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dc.contributor.authorBosse, Mirte
dc.contributor.authorMegens, Hendrik-Jan
dc.contributor.authorMadsen, Ole
dc.contributor.authorCrooijmans, Richard P. M. A.
dc.contributor.authorRyder, Oliver A.
dc.contributor.authorAusterlitz, Frédéric
dc.contributor.authorGroenen, Martien A. M.
dc.contributor.authorCara, M. Angeles R. de
dc.date.accessioned2020-06-29T17:56:51Z
dc.date.available2020-06-29T17:56:51Z
dc.date.issued2015
dc.identifier.issn1088-9051, 1549-5469
dc.identifier.doi10.1101/gr.187039.114
dc.identifier.urihttp://hdl.handle.net/20.500.12634/449
dc.description.abstractConservation and breeding programs aim at maintaining the most diversity, thereby avoiding deleterious effects of inbreeding while maintaining enough variation from which traits of interest can be selected. Theoretically, the most diversity is maintained using optimal contributions based on many markers to calculate coancestries, but this can decrease fitness by maintaining linked deleterious variants. The heterogeneous patterns of coancestry displayed in pigs make them an excellent model to test these predictions. We propose methods to measure coancestry and fitness from resequencing data and use them in population management. We analyzed the resequencing data of Sus cebifrons, a highly endangered porcine species from the Philippines, and genotype data from the Pietrain domestic breed. By analyzing the demographic history of Sus cebifrons, we inferred two past bottlenecks that resulted in some inbreeding load. In Pietrain, we analyzed signatures of selection possibly associated with commercial traits. We also simulated the management of each population to assess the performance of different optimal contribution methods to maintain diversity, fitness, and selection signatures. Maximum genetic diversity was maintained using marker-by-marker coancestry, and least using genealogical coancestry. Using a measure of coancestry based on shared segments of the genome achieved the best results in terms of diversity and fitness. However, this segment-based management eliminated signatures of selection. We demonstrate that maintaining both diversity and fitness depends on the genomic distribution of deleterious variants, which is shaped by demographic and selection histories. Our findings show the importance of genomic and next-generation sequencing information in the optimal design of breeding or conservation programs.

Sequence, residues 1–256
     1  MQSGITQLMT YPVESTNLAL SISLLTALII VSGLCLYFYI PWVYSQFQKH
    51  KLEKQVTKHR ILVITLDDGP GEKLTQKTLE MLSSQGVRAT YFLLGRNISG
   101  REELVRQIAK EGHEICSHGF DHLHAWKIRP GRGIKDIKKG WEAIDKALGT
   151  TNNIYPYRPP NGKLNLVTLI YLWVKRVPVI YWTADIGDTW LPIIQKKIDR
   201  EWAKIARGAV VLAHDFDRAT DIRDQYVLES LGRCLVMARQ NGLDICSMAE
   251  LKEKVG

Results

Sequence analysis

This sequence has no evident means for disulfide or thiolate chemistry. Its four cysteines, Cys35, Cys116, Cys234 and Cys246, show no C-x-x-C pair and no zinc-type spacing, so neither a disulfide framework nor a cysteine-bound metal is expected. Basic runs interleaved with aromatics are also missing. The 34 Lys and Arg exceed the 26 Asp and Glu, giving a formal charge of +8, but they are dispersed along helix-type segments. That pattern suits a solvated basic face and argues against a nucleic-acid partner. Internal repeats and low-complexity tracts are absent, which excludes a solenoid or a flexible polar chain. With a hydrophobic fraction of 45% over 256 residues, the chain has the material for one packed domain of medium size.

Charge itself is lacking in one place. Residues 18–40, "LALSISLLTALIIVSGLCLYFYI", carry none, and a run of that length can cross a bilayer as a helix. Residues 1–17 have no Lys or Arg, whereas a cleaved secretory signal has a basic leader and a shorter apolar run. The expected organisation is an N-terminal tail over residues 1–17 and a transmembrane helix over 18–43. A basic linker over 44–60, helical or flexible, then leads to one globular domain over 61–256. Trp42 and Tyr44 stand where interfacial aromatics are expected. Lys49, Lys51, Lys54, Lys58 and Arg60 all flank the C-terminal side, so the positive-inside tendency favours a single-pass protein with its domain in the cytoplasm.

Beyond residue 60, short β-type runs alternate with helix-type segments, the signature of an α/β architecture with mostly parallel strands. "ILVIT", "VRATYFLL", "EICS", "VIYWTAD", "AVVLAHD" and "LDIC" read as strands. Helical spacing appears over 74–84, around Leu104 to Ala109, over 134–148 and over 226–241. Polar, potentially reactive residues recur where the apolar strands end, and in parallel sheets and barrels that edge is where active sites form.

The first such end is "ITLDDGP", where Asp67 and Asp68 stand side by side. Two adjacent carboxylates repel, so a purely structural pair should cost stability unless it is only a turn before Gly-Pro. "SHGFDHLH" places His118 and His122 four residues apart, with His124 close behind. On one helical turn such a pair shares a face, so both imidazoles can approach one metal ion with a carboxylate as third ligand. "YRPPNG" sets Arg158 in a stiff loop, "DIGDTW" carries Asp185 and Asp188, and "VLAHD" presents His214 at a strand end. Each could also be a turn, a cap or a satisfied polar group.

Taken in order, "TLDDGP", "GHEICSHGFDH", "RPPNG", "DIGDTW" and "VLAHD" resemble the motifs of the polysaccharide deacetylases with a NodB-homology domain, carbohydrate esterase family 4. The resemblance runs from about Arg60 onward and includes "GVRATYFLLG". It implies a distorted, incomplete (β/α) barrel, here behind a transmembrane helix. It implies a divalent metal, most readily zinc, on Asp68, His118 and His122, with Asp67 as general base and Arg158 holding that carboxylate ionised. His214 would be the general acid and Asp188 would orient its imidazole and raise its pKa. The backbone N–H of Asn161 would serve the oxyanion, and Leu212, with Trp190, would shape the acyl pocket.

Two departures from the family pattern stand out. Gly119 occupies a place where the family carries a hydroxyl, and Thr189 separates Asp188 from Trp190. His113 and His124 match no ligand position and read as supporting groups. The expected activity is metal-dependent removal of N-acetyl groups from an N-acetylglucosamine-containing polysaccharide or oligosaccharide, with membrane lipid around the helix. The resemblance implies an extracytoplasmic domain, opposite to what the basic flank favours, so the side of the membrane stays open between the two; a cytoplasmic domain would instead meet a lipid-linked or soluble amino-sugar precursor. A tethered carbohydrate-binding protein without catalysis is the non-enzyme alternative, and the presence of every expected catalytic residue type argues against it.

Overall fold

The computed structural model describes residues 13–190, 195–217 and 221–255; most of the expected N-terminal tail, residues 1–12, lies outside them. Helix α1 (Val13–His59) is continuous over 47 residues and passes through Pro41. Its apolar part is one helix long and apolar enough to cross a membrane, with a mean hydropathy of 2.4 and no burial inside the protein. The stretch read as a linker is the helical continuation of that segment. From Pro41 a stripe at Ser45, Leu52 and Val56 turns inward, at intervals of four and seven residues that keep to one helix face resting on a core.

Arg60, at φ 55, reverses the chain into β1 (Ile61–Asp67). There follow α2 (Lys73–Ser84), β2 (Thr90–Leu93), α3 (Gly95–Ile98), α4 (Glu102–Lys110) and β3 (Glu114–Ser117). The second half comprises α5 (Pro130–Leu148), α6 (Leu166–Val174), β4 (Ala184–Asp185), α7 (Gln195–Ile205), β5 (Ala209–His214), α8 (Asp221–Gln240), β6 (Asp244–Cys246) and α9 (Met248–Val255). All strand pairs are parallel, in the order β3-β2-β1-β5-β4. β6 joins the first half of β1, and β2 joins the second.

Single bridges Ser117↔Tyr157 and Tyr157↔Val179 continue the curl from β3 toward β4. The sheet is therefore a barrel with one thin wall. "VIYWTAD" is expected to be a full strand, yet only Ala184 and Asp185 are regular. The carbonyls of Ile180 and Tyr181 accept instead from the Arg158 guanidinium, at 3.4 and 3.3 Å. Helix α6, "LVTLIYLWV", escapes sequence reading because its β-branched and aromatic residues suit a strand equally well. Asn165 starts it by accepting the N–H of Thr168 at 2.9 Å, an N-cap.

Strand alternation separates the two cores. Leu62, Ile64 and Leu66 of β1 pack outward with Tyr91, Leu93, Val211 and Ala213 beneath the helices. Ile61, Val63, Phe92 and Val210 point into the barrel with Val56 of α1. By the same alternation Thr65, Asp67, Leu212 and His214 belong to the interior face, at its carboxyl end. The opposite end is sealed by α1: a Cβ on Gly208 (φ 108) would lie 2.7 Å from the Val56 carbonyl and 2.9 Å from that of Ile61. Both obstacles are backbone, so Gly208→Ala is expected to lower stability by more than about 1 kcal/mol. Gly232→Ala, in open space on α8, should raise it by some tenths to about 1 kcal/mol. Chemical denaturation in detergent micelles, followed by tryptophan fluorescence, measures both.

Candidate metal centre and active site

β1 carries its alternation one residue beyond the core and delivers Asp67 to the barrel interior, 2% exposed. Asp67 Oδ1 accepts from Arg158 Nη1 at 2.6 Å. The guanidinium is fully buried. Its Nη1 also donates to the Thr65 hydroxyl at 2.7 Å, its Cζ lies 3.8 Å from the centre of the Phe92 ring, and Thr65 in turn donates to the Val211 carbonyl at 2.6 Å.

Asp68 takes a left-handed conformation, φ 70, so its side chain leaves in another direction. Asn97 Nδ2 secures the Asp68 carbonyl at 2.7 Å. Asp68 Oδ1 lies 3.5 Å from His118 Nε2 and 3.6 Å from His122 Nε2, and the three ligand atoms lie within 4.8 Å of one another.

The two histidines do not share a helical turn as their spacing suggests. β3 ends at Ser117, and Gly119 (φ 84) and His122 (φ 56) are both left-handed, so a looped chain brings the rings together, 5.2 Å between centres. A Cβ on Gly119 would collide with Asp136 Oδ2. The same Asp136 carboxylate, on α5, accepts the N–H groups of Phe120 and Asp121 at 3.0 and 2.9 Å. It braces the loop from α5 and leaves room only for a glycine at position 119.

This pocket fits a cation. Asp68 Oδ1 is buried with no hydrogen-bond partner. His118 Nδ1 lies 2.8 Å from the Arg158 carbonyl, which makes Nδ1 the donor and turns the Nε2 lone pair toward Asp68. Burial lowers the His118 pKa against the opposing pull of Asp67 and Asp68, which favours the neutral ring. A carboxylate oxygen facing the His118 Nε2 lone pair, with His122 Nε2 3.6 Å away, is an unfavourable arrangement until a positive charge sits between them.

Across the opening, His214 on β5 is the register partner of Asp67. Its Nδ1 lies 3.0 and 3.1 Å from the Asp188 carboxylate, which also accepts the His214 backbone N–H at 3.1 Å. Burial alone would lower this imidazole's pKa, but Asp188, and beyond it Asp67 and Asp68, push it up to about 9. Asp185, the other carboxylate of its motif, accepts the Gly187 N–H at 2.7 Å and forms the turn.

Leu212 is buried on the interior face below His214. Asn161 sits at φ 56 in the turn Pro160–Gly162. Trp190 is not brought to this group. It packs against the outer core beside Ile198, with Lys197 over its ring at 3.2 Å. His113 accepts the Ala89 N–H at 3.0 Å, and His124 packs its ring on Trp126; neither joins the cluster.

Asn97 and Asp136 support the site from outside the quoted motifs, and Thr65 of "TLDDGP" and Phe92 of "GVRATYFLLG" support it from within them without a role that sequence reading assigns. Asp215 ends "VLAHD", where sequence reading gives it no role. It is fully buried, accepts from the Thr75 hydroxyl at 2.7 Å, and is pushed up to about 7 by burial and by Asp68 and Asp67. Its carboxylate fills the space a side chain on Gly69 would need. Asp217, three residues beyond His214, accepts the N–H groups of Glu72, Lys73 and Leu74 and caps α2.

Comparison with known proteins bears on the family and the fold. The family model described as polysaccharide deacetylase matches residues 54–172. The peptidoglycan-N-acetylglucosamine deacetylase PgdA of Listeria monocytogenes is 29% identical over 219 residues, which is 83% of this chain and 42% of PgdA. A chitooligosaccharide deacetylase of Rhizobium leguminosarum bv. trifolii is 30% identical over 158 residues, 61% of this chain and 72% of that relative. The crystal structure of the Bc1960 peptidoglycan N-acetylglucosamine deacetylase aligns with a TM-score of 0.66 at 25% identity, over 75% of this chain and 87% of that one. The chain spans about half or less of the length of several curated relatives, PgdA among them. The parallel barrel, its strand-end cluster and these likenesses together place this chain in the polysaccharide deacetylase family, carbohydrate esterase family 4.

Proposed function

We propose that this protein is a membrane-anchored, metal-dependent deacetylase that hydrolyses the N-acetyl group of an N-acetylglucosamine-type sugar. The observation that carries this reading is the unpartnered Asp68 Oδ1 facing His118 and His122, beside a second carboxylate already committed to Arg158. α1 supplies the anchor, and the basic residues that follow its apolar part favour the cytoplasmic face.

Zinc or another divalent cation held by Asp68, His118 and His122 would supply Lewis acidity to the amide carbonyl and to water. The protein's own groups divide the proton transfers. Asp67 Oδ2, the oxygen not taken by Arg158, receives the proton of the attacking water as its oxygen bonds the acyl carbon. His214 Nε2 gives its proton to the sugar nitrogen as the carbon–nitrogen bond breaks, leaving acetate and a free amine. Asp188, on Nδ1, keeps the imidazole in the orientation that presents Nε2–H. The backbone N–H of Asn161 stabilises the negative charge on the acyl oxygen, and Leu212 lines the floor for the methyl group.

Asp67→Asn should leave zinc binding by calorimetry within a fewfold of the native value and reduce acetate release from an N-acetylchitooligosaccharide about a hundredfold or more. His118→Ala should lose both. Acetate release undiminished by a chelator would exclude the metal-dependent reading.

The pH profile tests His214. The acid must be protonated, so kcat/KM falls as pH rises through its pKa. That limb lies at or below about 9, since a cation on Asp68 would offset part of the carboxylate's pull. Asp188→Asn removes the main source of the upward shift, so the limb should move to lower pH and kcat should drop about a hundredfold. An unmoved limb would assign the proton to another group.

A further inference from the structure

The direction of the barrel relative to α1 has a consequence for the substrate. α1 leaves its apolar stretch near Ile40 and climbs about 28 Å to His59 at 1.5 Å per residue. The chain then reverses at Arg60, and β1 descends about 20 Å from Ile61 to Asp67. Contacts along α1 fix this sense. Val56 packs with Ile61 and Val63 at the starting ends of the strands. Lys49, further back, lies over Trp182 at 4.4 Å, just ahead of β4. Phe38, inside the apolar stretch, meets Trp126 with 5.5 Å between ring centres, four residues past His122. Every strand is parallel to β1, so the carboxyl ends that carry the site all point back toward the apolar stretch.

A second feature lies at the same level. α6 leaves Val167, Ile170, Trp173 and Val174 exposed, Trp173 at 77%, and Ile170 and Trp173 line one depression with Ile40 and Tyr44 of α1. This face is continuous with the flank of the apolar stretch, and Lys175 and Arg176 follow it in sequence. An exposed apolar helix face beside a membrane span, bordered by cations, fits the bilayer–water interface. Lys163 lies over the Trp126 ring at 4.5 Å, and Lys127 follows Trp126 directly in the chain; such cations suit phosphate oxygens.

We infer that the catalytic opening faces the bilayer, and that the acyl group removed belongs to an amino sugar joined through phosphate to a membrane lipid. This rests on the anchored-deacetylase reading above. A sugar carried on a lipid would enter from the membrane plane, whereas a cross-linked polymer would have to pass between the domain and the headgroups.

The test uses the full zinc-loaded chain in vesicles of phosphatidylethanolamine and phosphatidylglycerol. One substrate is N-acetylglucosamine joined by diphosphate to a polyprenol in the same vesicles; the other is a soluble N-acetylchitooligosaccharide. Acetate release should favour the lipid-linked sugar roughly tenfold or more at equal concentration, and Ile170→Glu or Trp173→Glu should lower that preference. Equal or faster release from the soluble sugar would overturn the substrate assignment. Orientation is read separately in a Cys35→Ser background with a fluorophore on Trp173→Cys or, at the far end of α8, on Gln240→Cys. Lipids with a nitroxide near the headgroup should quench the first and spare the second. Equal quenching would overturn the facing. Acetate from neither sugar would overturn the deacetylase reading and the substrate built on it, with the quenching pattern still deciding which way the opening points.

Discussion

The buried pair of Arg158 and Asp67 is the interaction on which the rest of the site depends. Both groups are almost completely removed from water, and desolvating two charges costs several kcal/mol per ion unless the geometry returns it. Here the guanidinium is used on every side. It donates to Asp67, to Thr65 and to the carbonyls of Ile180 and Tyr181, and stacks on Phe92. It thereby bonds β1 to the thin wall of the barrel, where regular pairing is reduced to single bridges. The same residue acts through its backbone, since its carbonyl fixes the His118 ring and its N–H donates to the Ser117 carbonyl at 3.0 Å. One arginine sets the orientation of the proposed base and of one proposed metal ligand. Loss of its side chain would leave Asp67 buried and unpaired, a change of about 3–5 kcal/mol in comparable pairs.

dc.language.isoen
dc.relation.urlhttp://genome.cshlp.org/content/25/7/970
dc.rights© 2015 Bosse et al. This article is distributed exclusively by Cold Spring Harbor Laboratory Press for the first six months after the full-issue publication date (see http://genome.cshlp.org/site/misc/terms.xhtml). After six months, it is available under a Creative Commons License (Attribution-NonCommercial 4.0 International), as described at http://creativecommons.org/licenses/bync/ 4.0/.
dc.rights.urihttp://creativecommons.org/licenses/bync/ 4.0/
dc.subjectPIGS
dc.subjectPHILIPPINES
dc.subjectGENOMICS
dc.subjectCONSERVATION GENETICS